A Juan Muñoz Retrospective At Tate Modern

By Narelle Doe Published: 24 January 2008

a photograph of a gallery with sculptures of men with spheres at the bottom of their bodies

Juan Muñoz, Conversation Piece (detail) 1996 the artist's estate © the artist. Photo: Luis Asin Image

Review - Juan Muñoz: A Retrospective at Tate Modern until April 27, 2008.

It's an unnerving experience to walk into a room in Tate Modern and be surrounded by a crowd of figurative sculptures by Juan Muñoz (1953 - 2001). Many Times (1999) by Muñoz, widely regarded as one of the foremost sculpture and installation artists, comprises 100 grey figures, identically dressed with similar features and gathered in small groups, busily engaged in conversation.

This is precisely the reaction Muñoz wanted from audiences. Interested in illusion, space and parallel worlds, he draws the visitor into his installations but ultimately excludes them. Walking round the dwarf figures, all of which eerily have no feet, you get an unsettling sense of yourself being the outsider, of being alone and isolated in the crowd. The figures in this parallel world whisper and chatter and you cannot hear them.

Juan Muñoz (1953 – 2001) came to international prominence in the mid-1980s with sculptural installations that place the figure in architectural environments. Juan Muñoz: A Retrospective at Tate Modern is the first major solo retrospective of Muñoz’s work in the UK.

a photograph of a group of sculptures of men having conversations with each other

Juan Muñoz, Many Times (detail) 1999. Private collection © The Estate of Juan Muñoz

Muñoz considered himself a storyteller and a wordsmith. Born in Madrid in 1953, he worked as a curator in Spain before beginning to exhibit his own work. Although principally a sculptor, he was also a talented draughtsman and writer and collaborated on performance pieces, some of which can be heard and viewed in the café outside the exhibition.

His sculptures are unsettling and deliberately ambiguous for the visitor to understand, playing with concepts of scale, form, and tension between reality and magical illusions. His work demands space.

The Wasteland (1987) was Muñoz’s first large-scale installation, entitled after T S Eliot’s poem. The room is empty except for a small bronze ventriloquist’s dummy perched upon a shelf. But stepping into the room is like stepping onto a stage; the floor is an optical illusion, designed with patterns that draw the visitor towards the dummy and force them to become part of the installation.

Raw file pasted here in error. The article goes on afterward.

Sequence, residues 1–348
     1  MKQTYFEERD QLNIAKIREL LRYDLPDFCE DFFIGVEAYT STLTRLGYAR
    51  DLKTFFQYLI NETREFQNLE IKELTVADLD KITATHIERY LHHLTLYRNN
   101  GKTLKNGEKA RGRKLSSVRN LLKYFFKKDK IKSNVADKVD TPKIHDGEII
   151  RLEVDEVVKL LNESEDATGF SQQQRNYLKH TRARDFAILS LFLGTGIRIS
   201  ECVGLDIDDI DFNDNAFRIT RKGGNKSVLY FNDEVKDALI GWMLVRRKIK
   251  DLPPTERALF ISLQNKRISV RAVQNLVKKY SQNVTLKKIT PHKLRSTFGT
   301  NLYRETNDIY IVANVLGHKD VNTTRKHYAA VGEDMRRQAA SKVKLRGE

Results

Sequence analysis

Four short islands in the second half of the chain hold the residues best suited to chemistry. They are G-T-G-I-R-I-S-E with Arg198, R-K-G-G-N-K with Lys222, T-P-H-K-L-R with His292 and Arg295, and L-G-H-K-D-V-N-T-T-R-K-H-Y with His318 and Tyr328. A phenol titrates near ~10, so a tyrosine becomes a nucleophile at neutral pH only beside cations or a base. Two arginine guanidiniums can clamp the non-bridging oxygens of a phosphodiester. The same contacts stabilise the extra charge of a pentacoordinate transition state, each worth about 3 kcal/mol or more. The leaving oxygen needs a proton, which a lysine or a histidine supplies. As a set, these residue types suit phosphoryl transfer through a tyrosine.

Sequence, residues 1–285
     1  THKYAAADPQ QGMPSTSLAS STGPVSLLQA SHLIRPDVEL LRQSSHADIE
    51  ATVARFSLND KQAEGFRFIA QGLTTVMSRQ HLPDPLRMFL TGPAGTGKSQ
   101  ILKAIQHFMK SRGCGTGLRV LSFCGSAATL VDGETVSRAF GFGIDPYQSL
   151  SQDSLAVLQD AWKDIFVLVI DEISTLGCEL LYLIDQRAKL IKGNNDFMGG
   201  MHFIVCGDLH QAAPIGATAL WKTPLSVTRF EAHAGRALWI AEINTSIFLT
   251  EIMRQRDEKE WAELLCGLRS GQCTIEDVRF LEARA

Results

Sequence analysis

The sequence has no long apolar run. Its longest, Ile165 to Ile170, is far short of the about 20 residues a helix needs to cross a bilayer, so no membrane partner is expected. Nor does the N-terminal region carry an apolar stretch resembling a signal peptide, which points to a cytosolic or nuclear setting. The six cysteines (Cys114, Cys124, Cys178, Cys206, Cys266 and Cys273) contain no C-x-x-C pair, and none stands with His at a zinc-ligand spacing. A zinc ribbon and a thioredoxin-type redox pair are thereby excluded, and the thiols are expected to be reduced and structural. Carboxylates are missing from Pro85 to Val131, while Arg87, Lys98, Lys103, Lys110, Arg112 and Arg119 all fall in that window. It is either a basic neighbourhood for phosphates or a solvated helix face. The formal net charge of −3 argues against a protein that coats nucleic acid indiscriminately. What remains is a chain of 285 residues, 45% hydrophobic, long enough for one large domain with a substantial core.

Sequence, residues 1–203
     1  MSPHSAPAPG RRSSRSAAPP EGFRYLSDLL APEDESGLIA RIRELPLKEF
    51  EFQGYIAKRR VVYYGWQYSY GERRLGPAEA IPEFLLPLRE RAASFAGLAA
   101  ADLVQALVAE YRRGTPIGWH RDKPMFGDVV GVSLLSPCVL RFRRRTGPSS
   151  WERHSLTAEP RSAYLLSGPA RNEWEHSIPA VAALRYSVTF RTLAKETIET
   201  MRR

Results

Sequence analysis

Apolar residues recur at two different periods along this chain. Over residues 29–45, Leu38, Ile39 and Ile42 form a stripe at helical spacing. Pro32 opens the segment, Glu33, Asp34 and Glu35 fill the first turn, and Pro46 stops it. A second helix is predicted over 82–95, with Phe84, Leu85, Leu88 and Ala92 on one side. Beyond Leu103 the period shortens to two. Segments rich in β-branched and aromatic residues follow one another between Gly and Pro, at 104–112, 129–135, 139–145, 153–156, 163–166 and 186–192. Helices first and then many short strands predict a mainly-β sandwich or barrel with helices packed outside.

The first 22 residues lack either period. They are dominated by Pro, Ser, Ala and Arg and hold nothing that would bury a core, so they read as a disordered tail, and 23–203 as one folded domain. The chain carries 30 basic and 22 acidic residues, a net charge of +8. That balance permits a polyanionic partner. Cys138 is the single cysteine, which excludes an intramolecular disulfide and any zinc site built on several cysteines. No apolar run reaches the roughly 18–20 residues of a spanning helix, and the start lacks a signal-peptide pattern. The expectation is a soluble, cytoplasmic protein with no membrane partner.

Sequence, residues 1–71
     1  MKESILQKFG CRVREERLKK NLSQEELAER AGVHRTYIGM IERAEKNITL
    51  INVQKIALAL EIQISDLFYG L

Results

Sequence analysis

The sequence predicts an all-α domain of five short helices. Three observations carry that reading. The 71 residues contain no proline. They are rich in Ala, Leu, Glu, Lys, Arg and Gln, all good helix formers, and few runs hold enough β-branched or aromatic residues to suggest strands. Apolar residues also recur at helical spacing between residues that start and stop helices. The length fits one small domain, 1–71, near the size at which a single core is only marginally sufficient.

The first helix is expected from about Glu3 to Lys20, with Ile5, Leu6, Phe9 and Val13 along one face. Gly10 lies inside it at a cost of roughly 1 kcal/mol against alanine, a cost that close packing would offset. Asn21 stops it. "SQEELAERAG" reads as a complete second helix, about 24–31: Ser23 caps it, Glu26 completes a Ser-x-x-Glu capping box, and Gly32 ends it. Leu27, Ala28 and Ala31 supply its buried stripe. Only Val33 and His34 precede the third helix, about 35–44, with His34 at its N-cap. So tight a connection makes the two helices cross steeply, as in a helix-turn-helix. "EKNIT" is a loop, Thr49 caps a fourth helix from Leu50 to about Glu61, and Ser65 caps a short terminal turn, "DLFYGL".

The intriguing pattern, revealing Muñoz’s background in graphic design, gives the feeling of instability, not allowing the unwitting audience to work out where exactly they stand, or indeed where they are being led.

a photo of a gallery with a staue of a man facing the wall illuminated by a single light

Juan Muñoz, Towards the Shadow 1998. Private collection © The estate of Juan Muñoz

Themes of hearing and sound are prominent in his work; a re-occurring symbol is the drum, sometimes savagely punctured with a knife, sometimes pondered over by a group of mute musicians. Many of his figures are portrayed as listening, Muñoz considered hearing to be the first sense, in order to speak you have to first be able to hear yourself speak.

The Prompter (1988) features a raised but empty stage with an abandoned drum and the figure of a dwarf enclosed in the prompter’s box. This installation looks at the potential of words not spoken – Muñoz wanted to represent “a house of memory, the mind you never see but is always there, like a stage set with no representation, no play, only one man trying to remember, trying not to forget.”

This theme continues in Shadow and Mouth (1996), a slightly sinister installation reminiscent of a film noir scenario. Although the meaning is typically ambiguous, the impression is of interrogation or imprisonment.

One figure sits with authority at a desk watching another crouched down and whispering secrets into the wall. A strong light puts this whispering figure in the spotlight and it is only after a few moments of watching his shadow that you realise his mouth is actually moving.

a photo of a corner of a gallery with a small stage inserted into it and a prompt box with the legs of a small man showing within it

Juan Muñoz, The Prompter 1988. Courtesy Marian Goodman Gallery, New York © The estate of Juan Muñoz

Staring at the Sea I (1997 – 2000) is a similarly uneasy viewing experience. Two figures stare into a mirror but both wear masks obscuring their identity, ironically undermining the association between mirrors and self-knowledge.

Muñoz said: “My characters sometimes behave as a mirror that cannot reflect. They are there to tell you something about your looking, but they cannot, because they don’t let you see yourself.”

Violence is another theme that lies beneath the surface of much of Muñoz’s work. Hanging Figures (1997) reflects a painting by Degas, Mlle La La at the Circus Fernando (1879), which shows a circus acrobat hanging by her teeth. Muñoz’s interpretation of this has a strong sense of vulnerability or torture as the figures spin slowly like hung men from the ceiling. It has the effect of reducing chattering visitors to silence in seconds.

This exhibition follows Muñoz’s vision of creating different realities by spilling out of the actual allocated gallery into the café outside and onto the floor below. Here is an artist who played with words to evoke images, sculpting with words themselves.

A visit may reduce you to silence but you will be talking about it for days afterwards.

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